(eTN) – “Just Think” is a new copy line launched by the Office of Tourism for Puerto Rico (PR). Mario Gonzalez-Lafuente, Executive Director of the PR Tourism Company, is also asking us to Discover Why Puerto Rico Does It Better. Why PR tourism executives really want us to think very deeply about their commonwealth and to consider what the destination does better is a mystery to me.
Just Think: PR Highest Murder Rate in US
A press release issued by Annie Rodriguez, the Director of Communications and Public Relations for PR Tourism stated, “Puerto Rico Tourism Company’s Gonzalez: Puerto Rico is Safer Than Ever” (November 29, 2010). Even a cursory look at PR crime statistics challenges this statement.
Crime is so out of control in the commonweath that in October 2010, 750 FBI personnel were flown into PR to carry out raids and make arrests. According to Eric Holder, the US Attorney General, more than 1,000 FBI personnel participated in Operation Guard Shack, which was the largest crackdown on police corruption in the FBI’s 102-year history. In February 2010, the Governor of Puerto Rico, Luis Fortuno, activated 1,000 members of the National Guard to battle crime in this US territory.
In the past 8 years there have been 25 slayings of transgender people. Rose Ellen in a CNN iReport told the story of a 19-year-old gay Puerto Rican who was found on November 14, 2009 burned, dismembered, and decapitated, with arms, legs, and head torn off before the body was dumped. According to Ellen, the insensitivity of the police response demonstrated a prejudice against the gay community claiming that, “…people who lead this type of lifestyle need to be aware that this will happen.”
Because PR is a US territory, the brutal murder is a hate crime (signed into law by President Barack Obama). Fortunately the killer was recently apprehended and is spending 99 years in jail. Finally acknowledging the serious nature of hate crimes, in June 2010, Guillermo Somoza-Colombani, the Attorney General for PR, convened a special committee to investigate. The committee includes the US Attorney’s office in San Juan, police officials, and the island’s civil rights commission.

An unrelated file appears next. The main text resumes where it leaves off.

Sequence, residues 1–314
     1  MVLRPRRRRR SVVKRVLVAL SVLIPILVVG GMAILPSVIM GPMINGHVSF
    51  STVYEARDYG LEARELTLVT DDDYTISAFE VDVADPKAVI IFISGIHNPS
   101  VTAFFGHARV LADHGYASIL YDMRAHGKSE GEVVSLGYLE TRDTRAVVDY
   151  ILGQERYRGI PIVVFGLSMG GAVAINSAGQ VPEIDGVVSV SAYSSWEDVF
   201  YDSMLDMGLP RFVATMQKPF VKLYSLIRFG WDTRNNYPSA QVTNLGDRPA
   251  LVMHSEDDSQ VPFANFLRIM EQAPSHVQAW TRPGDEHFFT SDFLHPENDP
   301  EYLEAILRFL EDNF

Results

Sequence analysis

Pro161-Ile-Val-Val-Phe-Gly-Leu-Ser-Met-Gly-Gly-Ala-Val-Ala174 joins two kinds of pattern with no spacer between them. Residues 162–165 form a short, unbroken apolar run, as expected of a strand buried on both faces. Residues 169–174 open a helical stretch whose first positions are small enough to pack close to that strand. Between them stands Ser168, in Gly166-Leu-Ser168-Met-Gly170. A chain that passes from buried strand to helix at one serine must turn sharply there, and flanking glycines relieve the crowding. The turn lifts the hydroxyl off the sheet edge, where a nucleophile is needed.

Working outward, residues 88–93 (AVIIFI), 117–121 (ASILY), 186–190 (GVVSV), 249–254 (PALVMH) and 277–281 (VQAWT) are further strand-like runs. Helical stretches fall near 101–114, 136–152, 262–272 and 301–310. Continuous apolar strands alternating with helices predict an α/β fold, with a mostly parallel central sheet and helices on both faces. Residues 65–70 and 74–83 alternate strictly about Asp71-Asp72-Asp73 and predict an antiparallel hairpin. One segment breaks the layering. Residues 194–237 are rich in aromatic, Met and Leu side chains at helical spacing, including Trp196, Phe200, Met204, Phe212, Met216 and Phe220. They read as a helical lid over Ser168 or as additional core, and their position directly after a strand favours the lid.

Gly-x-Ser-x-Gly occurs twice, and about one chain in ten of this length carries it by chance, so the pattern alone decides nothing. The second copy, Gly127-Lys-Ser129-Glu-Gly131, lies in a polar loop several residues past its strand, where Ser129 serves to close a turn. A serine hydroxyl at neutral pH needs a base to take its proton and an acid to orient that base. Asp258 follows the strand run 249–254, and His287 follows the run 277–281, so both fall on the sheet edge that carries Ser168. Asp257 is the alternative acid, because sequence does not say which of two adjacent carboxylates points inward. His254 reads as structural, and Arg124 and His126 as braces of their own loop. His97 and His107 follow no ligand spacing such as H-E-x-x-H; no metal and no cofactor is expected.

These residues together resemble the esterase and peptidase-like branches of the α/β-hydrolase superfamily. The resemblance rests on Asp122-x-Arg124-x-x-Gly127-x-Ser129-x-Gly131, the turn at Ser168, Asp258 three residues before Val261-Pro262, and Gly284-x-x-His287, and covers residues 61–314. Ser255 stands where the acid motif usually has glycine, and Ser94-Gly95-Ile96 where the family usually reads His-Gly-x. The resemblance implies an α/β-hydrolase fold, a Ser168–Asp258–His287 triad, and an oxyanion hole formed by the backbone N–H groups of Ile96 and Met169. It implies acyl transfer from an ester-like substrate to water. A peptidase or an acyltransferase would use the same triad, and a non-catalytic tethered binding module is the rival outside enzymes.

The Center for the Prevention of Young Hispanic Violence of the University of PR conducted a study (2006) that revealed that between 1999 and 2003, homicide was the number one cause of death in the PR among young people between the ages of 15 and 29. The study concluded that in the years between 1990 and 1999, the risk of death by homicide in PR was one of the highest in the world, with a rate of 213.2 percent homicides for every 100,000 inhabitants, in contrast with the global rate of 10.7 percent for every 100,000 residents.
The locations with the highest crime rates include San Juan, Ponce, as well as Loiza and Catano. PR also has a massive marijuana problem as noted by the National Drug Intelligence Center (NDIC) and puntos de drogas, or drug points, can be found throughout Puerto Rican nightclubs, restaurants, bars, and city streets.
Fevers and Chills
PR is not the healthiest destination and in February 2010 PR declared a dengue fever epidemic with 210 dengue and three hemorrhagic dengue cases confirmed by Health Secretary Lorenzo Gonzalez. Dengue, a tropical virus spread by mosquitoes for which there is no vaccine, causes fever, headaches, and extreme joint and muscle pain.
Moody’s Lowers Rating
In August 2010, Moody’s Investor Services lowered its outlook on PR to negative (specially A3 – just four notches above junk status), citing the likelihood that the government will have to incur significant debt to support the public pension system, as well as the country’s high unemployment, low workforce participation, and high poverty levels.
In PR It Does Not Stop
• To add other woes, there is concern with the public water supply reservoirs as they are filling with sand and other sediment reducing the storage capacity by as much as 60 percent over the last 50 years. The decline in capacity combined with population expansion presents a problem for long-term water supplies.
• Years of sand-mining from beaches and dunes have caused serious erosion, creating flooding and storm damage problems for coastal PR communities.
• According to attorney Cindy Badano, Animal Rights Special Committee President, dead animals are littering the roads, and their decomposition is creating a loss of US$15 million yearly as animal rights tourists are boycotting the island and refuse to return to see the pitiful scenes.
• On October 30, 2010, Governor Luis Fortuno lifted a ban on new construction for resorts and is permitting large-scale development inside the 3,200-acre parcel of land immediately north of El Yunque – the only tropical rain forest in the US National Forest system.